Dr Richard Weight
Historian, BBC Radio 4's Analysis
This year sees the 300th anniversary of the Act of Union which merged the English and Scottish parliaments.
As part of Radio 4's 1707 season, historian Dr Richard Weight asks what role the British Empire played in forging the Union, and whether it is significant that Scottish nationalism revived in the 1960s when the Empire was crumbling.
The Union was sold to the British people as strengthening the Protestant state against Catholic European powers.
But in Scotland, the Union was also seen as an opportunity for a small country to be a big player in the nascent British Empire.
The treaty was ratified by the Scottish Parliament in January 1707
Professor Tom Devine, of Edinburgh University, said: "In early 19th Century Canada, there was a fight to the death between the two great fur trading corporations - Hudson's Bay Company and the North West Company.
"One company was dominated by Orkneymen, the other by Highlanders. Both Scots, but they had almost a suicidal fight over the profits of the fur trade."
The Union brought wealth to Scotland, and power and influence to many Scots which is still evident today.
Professor John Curtice, from Strathclyde University, in Glasgow said: "Glasgow is an imperial city.
"There are places in the city that are called Kingsborough and Queensborough and Victoria, and you can see the 19th Century Victorian British influence.
"And in some respects that part of Scotland's history sometimes gets forgotten."
While there is consensus that the Union and its child, the Empire, has been by far the most important single factor in the last three centuries of Scottish history, it is only now - and reluctantly - that the Scottish people are starting to reflect on the less heroic aspects of their involvement in Empire.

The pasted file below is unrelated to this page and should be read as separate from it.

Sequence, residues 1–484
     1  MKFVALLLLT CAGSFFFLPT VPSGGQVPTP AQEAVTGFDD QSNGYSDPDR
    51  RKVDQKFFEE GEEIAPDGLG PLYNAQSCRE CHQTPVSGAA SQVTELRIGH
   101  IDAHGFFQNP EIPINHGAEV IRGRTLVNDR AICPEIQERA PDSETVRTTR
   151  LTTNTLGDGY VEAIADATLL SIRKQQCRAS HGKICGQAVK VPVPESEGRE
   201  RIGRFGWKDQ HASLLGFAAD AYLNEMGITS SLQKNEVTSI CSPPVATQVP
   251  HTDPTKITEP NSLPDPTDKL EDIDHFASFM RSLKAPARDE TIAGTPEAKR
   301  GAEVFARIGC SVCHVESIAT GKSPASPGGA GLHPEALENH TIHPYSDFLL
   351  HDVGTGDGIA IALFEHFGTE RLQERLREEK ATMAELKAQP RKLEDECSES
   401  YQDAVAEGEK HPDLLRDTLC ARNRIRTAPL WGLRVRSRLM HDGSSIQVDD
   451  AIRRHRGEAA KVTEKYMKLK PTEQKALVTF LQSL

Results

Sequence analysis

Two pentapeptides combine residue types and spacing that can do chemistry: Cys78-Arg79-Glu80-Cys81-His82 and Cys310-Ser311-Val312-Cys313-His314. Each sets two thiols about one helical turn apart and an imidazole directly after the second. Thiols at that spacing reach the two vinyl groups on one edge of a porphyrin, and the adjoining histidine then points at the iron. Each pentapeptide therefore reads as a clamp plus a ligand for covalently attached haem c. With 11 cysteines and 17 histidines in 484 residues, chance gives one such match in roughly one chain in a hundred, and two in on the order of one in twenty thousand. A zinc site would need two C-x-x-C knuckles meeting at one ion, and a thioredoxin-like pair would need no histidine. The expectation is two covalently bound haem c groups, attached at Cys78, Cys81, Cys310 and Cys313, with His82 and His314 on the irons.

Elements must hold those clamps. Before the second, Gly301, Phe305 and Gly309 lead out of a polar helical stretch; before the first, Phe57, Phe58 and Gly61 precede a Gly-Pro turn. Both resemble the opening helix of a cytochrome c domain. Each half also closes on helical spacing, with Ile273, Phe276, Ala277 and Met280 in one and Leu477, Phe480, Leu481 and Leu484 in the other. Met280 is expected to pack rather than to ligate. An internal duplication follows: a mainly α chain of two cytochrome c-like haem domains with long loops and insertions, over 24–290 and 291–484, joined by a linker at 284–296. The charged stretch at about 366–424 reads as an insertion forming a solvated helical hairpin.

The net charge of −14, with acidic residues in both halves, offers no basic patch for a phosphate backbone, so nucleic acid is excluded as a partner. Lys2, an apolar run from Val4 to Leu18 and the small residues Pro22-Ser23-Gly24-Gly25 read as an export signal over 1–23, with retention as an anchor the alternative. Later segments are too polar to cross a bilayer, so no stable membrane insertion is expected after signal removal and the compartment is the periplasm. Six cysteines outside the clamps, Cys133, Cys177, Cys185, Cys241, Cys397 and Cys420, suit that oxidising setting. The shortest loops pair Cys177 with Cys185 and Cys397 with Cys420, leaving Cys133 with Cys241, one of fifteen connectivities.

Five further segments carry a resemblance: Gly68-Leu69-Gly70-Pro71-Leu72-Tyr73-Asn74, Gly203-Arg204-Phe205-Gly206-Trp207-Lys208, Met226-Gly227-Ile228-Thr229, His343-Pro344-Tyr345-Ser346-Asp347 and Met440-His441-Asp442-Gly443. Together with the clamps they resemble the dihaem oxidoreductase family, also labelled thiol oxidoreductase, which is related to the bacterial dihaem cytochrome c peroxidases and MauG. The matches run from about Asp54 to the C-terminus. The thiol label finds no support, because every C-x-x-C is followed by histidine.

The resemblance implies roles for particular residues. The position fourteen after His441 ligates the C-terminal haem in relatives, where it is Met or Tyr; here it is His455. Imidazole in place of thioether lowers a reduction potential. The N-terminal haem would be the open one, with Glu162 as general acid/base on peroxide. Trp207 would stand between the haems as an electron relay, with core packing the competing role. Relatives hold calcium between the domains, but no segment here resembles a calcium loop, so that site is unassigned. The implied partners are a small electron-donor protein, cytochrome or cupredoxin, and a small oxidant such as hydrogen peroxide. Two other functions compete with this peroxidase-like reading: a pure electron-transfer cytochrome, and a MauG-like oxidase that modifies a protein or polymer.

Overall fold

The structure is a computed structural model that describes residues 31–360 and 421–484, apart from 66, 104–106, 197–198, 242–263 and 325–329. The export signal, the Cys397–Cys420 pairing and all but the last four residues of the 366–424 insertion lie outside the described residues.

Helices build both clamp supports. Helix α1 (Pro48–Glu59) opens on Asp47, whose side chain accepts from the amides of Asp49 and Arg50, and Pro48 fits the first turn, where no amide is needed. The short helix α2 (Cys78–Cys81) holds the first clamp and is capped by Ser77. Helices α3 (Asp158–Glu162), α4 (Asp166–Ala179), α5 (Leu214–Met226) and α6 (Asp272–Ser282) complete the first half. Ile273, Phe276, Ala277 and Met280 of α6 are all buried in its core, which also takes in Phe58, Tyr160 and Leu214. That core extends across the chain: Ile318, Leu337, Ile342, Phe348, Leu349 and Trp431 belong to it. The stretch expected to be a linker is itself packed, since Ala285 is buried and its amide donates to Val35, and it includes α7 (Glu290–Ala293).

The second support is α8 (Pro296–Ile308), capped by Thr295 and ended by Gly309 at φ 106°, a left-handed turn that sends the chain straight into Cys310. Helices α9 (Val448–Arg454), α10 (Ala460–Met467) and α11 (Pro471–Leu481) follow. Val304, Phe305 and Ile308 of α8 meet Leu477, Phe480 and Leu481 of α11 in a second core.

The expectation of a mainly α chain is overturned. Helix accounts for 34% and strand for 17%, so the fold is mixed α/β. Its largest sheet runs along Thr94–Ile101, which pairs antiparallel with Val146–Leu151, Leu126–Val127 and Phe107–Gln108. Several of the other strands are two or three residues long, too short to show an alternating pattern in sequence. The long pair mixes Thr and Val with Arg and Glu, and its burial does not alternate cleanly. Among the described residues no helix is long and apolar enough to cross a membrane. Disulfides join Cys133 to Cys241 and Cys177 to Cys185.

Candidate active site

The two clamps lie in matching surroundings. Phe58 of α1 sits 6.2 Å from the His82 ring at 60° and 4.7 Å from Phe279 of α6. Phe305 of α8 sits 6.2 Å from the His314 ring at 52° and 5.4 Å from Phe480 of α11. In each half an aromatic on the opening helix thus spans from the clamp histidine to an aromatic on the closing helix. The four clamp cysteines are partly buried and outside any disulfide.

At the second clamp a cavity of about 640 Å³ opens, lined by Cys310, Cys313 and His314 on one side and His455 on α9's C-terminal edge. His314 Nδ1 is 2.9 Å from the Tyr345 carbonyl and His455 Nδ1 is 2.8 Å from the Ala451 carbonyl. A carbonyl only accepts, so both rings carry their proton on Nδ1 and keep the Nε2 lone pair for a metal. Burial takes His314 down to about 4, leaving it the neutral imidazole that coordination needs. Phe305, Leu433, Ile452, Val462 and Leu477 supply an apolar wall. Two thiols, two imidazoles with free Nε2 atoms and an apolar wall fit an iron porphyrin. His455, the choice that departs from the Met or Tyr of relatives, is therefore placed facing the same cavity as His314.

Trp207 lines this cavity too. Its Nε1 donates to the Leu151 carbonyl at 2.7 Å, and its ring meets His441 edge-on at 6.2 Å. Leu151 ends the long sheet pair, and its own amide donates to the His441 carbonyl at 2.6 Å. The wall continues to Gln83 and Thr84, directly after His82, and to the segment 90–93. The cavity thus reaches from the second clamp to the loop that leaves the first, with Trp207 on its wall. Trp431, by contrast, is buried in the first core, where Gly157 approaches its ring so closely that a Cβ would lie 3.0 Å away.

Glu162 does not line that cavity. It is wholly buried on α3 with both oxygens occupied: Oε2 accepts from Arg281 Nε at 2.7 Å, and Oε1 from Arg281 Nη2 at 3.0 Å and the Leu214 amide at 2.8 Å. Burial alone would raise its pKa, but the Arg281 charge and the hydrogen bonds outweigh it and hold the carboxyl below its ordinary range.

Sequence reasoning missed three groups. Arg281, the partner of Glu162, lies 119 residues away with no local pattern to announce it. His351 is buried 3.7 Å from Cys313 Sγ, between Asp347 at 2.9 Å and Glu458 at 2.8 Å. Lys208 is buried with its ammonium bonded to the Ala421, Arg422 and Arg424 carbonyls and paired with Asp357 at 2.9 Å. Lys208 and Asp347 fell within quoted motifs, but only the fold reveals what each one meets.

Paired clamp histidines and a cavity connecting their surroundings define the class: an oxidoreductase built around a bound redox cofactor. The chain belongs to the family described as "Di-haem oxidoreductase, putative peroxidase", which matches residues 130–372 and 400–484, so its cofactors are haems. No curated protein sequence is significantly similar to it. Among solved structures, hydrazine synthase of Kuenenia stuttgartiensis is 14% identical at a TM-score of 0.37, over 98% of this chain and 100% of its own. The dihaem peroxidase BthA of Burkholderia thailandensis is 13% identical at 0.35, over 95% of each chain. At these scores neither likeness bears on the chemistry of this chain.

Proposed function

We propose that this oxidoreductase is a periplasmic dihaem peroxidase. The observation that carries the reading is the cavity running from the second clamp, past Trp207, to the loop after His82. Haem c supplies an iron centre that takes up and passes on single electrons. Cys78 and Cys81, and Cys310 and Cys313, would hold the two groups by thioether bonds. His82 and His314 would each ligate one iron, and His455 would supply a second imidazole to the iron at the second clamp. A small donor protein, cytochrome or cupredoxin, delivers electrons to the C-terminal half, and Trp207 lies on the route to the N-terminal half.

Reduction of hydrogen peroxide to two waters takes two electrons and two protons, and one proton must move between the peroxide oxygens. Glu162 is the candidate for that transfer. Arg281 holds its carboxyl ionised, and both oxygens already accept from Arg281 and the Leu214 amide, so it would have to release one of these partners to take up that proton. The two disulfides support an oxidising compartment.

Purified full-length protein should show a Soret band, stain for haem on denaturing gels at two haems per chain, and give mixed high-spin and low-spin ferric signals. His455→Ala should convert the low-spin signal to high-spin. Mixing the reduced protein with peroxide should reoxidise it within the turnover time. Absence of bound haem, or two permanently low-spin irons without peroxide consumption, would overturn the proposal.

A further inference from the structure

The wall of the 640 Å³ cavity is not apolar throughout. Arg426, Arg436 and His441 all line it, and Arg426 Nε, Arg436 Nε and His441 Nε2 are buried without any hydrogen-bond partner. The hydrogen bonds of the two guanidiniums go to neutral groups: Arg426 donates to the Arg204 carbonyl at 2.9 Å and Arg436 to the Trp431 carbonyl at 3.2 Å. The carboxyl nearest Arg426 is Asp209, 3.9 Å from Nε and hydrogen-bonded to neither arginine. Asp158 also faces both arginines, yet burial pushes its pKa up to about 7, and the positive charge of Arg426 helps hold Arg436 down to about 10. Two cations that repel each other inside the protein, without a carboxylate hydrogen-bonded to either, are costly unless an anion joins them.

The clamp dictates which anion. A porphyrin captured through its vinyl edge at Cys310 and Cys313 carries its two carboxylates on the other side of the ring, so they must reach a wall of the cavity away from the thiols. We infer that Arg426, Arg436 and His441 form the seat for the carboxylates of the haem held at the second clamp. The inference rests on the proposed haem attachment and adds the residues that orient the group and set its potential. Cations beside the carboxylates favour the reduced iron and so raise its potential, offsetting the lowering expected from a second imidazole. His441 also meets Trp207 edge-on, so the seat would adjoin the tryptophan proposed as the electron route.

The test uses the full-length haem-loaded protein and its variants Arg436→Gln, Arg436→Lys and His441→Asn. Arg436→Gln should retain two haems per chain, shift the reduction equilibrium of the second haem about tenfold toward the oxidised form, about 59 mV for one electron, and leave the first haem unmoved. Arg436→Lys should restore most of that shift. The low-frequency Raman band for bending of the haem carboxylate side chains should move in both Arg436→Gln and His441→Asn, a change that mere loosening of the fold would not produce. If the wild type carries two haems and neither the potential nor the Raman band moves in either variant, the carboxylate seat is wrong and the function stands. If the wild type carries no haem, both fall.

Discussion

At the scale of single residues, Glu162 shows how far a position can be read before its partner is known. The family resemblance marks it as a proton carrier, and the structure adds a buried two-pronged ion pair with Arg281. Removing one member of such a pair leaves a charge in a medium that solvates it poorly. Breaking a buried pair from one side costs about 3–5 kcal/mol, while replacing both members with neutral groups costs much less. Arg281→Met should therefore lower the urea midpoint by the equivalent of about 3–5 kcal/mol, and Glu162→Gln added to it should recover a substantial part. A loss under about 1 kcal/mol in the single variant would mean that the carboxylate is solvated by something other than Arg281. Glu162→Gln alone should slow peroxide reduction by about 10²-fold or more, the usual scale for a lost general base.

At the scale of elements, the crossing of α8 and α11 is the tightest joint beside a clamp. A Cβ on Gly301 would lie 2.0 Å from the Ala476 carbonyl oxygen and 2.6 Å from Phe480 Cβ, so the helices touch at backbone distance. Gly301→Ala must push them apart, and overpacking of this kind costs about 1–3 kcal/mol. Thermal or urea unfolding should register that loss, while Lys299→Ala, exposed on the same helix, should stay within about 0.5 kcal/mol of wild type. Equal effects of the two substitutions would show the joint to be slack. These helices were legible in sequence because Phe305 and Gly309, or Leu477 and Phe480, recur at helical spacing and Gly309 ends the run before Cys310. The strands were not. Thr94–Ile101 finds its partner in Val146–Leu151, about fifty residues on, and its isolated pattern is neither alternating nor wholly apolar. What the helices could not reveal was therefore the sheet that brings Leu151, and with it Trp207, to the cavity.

And while "The Scot with a grievance" might be a much-lampooned cliché, the Glasgow historian Richard Finlay argues that a sense of victimhood does form part of the national psyche.
"The Scots are very good at complaining about things," he said.
"We could say this goes back to Calvinism in which we have a very negative view of the world.
"Perhaps there's some truth to this stereotype of the Private Frazer: 'We're all doomed'."
So is there a link between the end of Empire and the resurgence of Scottish nationalism in the 1960s when the Scottish economy went into decline?
Professor Tom Devine said: "It's fascinating that in the very decade when the African colonies were going at a rapid rate in the 1960s and 1970s, that was the very time when the historical popular books of John Prebble became bestsellers - all about Scottish victimhood.
"From the 1960s, the Scots seemed to be more attracted to disasters in their history and I think Prebble, with his books on the Darien Disaster and the Highland Clearances, fitted into that kind of mindset."
Bravehearts and Bankers will be broadcast on BBC Radio 4's Analysis programme on Wednesday 4 April at 2030 BST and repeated on Sunday 8 April at 2130 BST